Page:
The Itinerant Golfer

The Itinerant Golfer's Take on Chambers Bay


Chambers Bay

Architect: Robert Trent Jones Jr.
Year: 2007

6320 Grandview Drive West , University Place, Washington 98467
(253) 460-4653

driving range available
walking only - caddies available

U.S. Open - 2015


After a rather soggy day at Sahalee Country Club I pointed my rental car south and headed for the Tacoma area where I was scheduled to play a round at Chambers Bay the next day. Chambers Bay is located in a town by the name of University Place, which, interestingly enough, is NOT the home of a university. The town was named in the 1800s after the University of Puget Sound purchased a tract of land with the intent of building a new campus there. Even though the new campus was never built and the university sold the land back to the city, the name University Place stuck and it has been used ever since.

Chambers Bay golf course was built on what was at one time a sand and gravel quarry that in recent years had been mostly used for recreational off road motor sports. The course received a lot of hype even before it opened in 2007 and the hype continued when less than a year after opening day the U.S.G.A. announced that the course would be hosting the 2015 U.S. Open Championship. At the time I remember thinking how surprising it was that a Scottish links style course only a few months old had been awarded the United States national championship. It seemed like a strange choice for a variety of reasons to me, but regardless it’s cool to see the U.S. Open being held in the Pacific Northwest.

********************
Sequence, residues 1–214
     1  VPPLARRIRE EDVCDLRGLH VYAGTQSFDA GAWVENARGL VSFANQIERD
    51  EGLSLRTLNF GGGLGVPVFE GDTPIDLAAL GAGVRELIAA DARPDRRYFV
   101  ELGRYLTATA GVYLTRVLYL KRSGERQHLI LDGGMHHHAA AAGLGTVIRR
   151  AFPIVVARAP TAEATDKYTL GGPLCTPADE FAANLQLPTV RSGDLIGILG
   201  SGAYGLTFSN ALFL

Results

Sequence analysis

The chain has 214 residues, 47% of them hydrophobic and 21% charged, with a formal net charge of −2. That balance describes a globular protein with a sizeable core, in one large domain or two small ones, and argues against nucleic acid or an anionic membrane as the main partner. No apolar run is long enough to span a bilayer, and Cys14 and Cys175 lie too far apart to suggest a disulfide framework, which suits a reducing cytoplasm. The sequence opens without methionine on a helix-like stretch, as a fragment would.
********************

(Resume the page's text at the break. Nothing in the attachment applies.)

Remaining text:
I was up bright and early on Saturday morning to make the short drive to the course in time for my 8:30am tee time. Upon arrival I parked in the small parking lot and went into the pro shop to check in. The golf course is owned by Pierce County which technically makes Chambers Bay a municipal golf course and as most “munis” do they offer the local residents a discounted rate. Even for non-residents the pricing is quite attractive and in April the rate was only $125 which is quite a deal for an opportunity to play a U.S. Open course. After I finished in the pro shop I hopped the shuttle down to the practice area for a few swings and then got back onto the shuttle which took me over to the 1st tee.